The Frames have been fighting it out for 15 years, issuing albums that explode in the Czech Republic and nowhere else, go platinum in Galway but can't get noticed in the U.S.A. They should finally get their due with Burn the Maps. It's the determined Irish combo's first studio effort for Anti-, the Epitaph signature label that showcases such ...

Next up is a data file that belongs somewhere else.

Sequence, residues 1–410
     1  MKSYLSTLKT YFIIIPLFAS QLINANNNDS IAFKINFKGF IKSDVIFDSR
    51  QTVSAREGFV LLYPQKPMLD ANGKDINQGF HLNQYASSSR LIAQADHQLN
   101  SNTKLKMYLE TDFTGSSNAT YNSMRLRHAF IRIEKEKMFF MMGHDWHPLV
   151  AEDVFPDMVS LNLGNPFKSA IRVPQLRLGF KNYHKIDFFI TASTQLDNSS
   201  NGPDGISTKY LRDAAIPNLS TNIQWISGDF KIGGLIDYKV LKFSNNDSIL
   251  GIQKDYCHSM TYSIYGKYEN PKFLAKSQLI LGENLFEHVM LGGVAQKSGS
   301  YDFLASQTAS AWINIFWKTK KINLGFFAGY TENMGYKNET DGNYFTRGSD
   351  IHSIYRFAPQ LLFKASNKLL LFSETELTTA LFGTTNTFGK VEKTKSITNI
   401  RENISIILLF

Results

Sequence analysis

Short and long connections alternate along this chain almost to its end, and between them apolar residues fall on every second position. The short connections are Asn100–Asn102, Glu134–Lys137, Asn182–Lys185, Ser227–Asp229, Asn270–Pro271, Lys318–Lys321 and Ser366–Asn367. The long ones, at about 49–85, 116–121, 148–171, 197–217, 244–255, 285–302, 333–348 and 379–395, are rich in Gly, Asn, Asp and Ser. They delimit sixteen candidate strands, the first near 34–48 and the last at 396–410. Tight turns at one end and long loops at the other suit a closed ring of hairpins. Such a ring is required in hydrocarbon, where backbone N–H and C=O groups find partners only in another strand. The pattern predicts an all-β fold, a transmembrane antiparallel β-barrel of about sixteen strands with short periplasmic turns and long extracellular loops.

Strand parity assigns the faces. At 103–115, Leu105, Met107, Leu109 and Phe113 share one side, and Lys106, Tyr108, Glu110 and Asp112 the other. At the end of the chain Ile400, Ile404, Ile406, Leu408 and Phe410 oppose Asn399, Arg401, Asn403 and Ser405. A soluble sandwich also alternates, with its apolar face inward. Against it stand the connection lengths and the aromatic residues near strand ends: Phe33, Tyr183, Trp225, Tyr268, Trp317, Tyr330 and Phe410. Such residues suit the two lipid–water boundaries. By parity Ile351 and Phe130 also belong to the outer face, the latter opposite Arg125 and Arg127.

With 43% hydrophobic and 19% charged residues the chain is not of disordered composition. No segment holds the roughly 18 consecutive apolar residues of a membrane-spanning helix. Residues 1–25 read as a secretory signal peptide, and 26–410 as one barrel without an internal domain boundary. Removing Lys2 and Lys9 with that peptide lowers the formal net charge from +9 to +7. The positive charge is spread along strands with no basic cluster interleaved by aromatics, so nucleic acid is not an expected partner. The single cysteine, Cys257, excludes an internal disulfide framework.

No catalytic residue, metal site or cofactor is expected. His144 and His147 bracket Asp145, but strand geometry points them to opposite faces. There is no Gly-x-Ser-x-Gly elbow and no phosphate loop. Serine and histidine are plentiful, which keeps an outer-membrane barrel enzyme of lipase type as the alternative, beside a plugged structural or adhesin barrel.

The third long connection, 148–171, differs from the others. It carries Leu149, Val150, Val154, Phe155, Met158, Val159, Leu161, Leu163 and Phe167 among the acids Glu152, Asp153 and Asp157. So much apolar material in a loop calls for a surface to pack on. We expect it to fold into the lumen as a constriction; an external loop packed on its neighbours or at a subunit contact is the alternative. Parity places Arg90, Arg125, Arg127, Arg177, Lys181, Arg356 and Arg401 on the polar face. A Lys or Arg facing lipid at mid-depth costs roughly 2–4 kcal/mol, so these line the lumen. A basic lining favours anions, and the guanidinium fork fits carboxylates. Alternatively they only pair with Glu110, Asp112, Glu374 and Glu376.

The Frames have been fighting it out for 15 years, issuing albums that explode in the Czech Republic and nowhere else, go platinum in Galway but can't get noticed in the U.S.A. They should finally get their due with Burn the Maps. It's the determined Irish combo's first studio effort for Anti-, the Epitaph signature label that showcases such disparate and discerning acts as Joe Henry, the Locust, and Jolie Holland, and Glen Hansard and the lads fit in there just fine -- Anti-'s an oddly shaped place, but it offers artists room to move. The same applies to the Frames' music, which on Maps swings from the barbed, railing guitar rage of the Pixies nod "Underglass" to songs where a whispering, almost self-conscious Hansard stands next to roaring chorus set pieces that bring the band's full complement of guitars and sweeping fiddle to the table. In "Fake" he delivers the bitter central question -- "Come on the guy's a fake/What do you love him for?" -- as both a scream and a plea, while "Happy" makes incredible use of studio mixing to put the vocals in one ear, lingering harmonies in the other, and layers of acoustic guitar, swelling strings, and even a little electric squelch under the whole bit. That's the opener, and it brings listeners into the Frames' world of raw elegance. "Ship Caught in the Bay" starts with gentle percussion and a faraway melodic lilt, but drops in stuttering treated percussion near the three-minute mark for an atmospheric effect not unlike what the Doves do so well. It's also a bridge to Burn the Maps' final portion, three lengthy tracks that essay the Dirty Three's epic sway, build from aching acoustic guitar into a sort of comforting love song ("Wake up/It's your love calling," goes "Suffer in Silence"), and drift away on swirling fiddle and tinkling piano. Sometimes it seems like the Frames are holding back on Maps. The single "Finally" is one of the record's most deliberate moments, but it could have let Colm Mac Con Lomaire's fiddle hit a little harder. And though "Dream Awake"'s slow build is standard operating procedure for the band, it doesn't really climax as much as it plateaus. These minor missteps, however, don't lessen the album's gravity. Burn the Maps is an elemental journey that tugs at the heart and sticks around in the mind -- just as the Frames have been doing for years. ~ Johnny Loftus, Rovi